Reprinted with permission from

All shall be well
All shall be well
All shall be well
And all manner of things shall be well.

Julian of Norwich, late 14th century Christian mystic

It's going to be 0K.
It's going to be 0K.
It's going to be 0K.
Really, it's going to be 0K.

Terry Nelson-Johnson, early 21st century dad.

4 a.m. loud bell ringing. Dream or awake? Telephone or monastery bells? It turned out to be a phone call. No, it turned out to be the phone call. My wife's father had suffered a sudden massive stroke and he was dying; as in dying right now. All regular morning routines were amended, aborted or muted.

Somewhere over Ohio in flight from Chicago to Philadelphia my wife and I tenderly, warily and wearily discussed possible 'saying good-bye to Grandpop' strategies. How does one explain "life support" to a 6 and 9 year old? Better to remember Grandpop as they had last seen him; a robust, blue-jean wearing, tractor riding, joyful, generous and handsome 78 year old? Or is there something to be said for the incarnate...the body? This is how Grandpop is now--quiet, peaceful and hooked up to a lot of amazing blinking machines that have kept him alive and warm so that we can say good-bye to him.

With some trepidation we chose the incarnate/body option. The kids were beautiful. They touched, whispered, cried and kissed. So many decisions to make so suddenly; at least we made one good one...or so we thought.

Clare's nightmares began the night we got home from Philadelphia. Exhausted, both my wife and I made our way in to Clare's room, figuring that between us we might be able to muster up one parent to respond to Clare's cries and whimpers. She couldn't tell us a lot of what was going on but three things were clear: she was scared, her fear had something to do with Grandpop, and she definitely wanted to sleep in our bed. Grateful for a request that we could respond to, I carried her to our bed and laid her down between my wife and myself; just like the good old days, except that in the good old days Grandpop was alive and Clare wasn't having nightmares. No words were spoken but I suspect that, like myself, my wife laid awake on the other side of our daughter anguishing over whether our decision to let Clare touch, whisper to, cry with and kiss Grandpop was a mistake.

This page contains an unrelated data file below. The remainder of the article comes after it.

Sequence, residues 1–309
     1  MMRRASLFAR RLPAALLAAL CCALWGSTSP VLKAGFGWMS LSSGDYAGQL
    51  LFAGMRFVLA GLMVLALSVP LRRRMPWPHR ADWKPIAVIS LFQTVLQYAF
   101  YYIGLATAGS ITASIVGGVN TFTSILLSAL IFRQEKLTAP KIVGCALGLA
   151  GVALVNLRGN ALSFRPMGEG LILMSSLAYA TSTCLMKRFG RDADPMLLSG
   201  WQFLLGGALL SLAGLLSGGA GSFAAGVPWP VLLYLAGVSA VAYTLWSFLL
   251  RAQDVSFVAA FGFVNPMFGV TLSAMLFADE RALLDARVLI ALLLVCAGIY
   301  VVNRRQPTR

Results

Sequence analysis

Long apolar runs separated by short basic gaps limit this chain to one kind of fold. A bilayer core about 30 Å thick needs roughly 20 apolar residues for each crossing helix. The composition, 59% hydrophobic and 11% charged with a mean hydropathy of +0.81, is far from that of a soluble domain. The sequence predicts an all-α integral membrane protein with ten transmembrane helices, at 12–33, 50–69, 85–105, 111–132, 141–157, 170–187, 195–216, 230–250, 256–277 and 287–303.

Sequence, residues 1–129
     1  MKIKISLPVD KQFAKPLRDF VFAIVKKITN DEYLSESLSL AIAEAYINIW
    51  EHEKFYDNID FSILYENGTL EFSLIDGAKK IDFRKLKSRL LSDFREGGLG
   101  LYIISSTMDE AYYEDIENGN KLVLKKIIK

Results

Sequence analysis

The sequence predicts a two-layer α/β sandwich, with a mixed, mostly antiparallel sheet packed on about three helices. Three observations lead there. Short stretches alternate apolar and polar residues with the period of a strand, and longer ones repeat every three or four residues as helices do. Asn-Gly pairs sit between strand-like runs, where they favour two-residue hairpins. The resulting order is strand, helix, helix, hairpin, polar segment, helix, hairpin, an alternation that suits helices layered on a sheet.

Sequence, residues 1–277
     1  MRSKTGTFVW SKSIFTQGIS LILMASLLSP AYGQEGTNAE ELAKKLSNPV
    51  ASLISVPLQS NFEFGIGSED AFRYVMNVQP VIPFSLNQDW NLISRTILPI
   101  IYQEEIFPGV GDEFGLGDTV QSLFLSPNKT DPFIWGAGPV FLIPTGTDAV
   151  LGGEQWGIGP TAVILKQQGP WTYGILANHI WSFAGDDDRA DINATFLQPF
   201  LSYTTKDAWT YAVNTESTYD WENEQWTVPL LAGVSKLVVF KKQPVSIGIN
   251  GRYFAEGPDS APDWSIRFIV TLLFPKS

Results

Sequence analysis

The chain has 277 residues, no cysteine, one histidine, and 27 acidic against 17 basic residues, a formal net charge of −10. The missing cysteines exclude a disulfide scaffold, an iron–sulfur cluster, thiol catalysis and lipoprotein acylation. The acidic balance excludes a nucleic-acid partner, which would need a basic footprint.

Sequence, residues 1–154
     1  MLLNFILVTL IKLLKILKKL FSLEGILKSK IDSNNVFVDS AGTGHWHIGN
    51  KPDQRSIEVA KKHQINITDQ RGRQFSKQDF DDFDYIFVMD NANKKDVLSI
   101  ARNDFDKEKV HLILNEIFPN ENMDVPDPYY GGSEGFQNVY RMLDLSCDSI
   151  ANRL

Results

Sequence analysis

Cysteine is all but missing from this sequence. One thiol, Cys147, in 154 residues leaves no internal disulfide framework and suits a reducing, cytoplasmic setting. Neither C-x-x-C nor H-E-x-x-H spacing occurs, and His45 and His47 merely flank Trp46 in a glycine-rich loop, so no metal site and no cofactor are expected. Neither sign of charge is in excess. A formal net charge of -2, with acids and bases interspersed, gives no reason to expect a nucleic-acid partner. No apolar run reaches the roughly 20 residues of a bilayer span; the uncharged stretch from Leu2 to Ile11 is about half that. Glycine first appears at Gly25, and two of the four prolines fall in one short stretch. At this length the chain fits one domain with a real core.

The nightmares did not abate quickly and neither did Clare hurry to alter our new sleeping arrangements. I don't remember exactly how long Clare slept in our room, suffice it to say that in lieu of doodling during phone calls at the office I was strategically planning conjugal visits.

One morning Clare and I were having breakfast, just the two of us. Out of the blue, which delightfully is a place Clare comes out of with astonishing regularity, she asked: "Dad, will I be 13 or 15 when I go to college?" "If you go to college you'll probably be around 18."

"In college do you live alone or with somebody else?"

"Usually with somebody else--a roommate."

"Are roommates usually nice or mean?"

"Usually nice, Clare."

"Do you think my roommate will let me sleep on the floor in a sleeping bag next to her bed?"

"I don't know Clare, maybe."

"Dad, when I get married can you live with me?"

"Well Clare, I could, but you probably won't want me to."

"Well if you did live with me after I'm married that would be good because then my husband and I can sleep in our bed and you can sleep on the floor next to our bed in a sleeping bag."

"Why all the questions about sleeping arrangements Clare?"

Putting her spoon down with a hint of fragility, as if to say, "I'm not sure I can answer that" she slid off her chair, climbed up in my lap, buried her face in 'that spot' of my neck and whispered, "I'm scared daddy, bad things happen out there, people die and I don't know when I'll feel safe enough to sleep by myself."

With little thought I did what the situation asked of me as a parent. I held Clare close to me, I patted her back gently with one hand and stroked her hair with the other, I rocked her back and forth slowly and, most importantly, I whispered back to her over and over:

"It's 0K. Clare, it's 0K. Clare... it's going to be 0K. Clare." We held each other quietly for a few minutes after the patting, stroking, rocking and whispering had subsided. Clare slid off my lap, confirmed that I had packed the Kiwi fruit break snack in the 'just right' Tupperware container and headed out the door to wait for the school bus with a hardy, "see ya' after school dad."

Twelve hours later I kissed Clare good night and tucked her in to her own bed. An embarrassingly short time later I kissed my wife good night and tucked myself in to our bed. In those exquisite and brief moments between consciousness and sleep I let my soul pray for the rest of me:

"God, what is it about holding, patting, stroking and whispering that seems to work? Please grant me the privilege of a few more holding, patting, stroking, rocking and whispering sessions. . . sanctuary sessions with my children. When, inevitably the time comes that I am no longer the holder of choice please send people into their lives well versed in the skills of sanctuary--holding, patting, stroking, rocking and whispering. And when I am invited into the ultimate sanctuary, into your ambiguous, certain, loving arms may my children have the impulse to hold me and may I have the courage and wisdom to let them. Good night."

All shall be well, all shall be well, and all manner of things shall be well.

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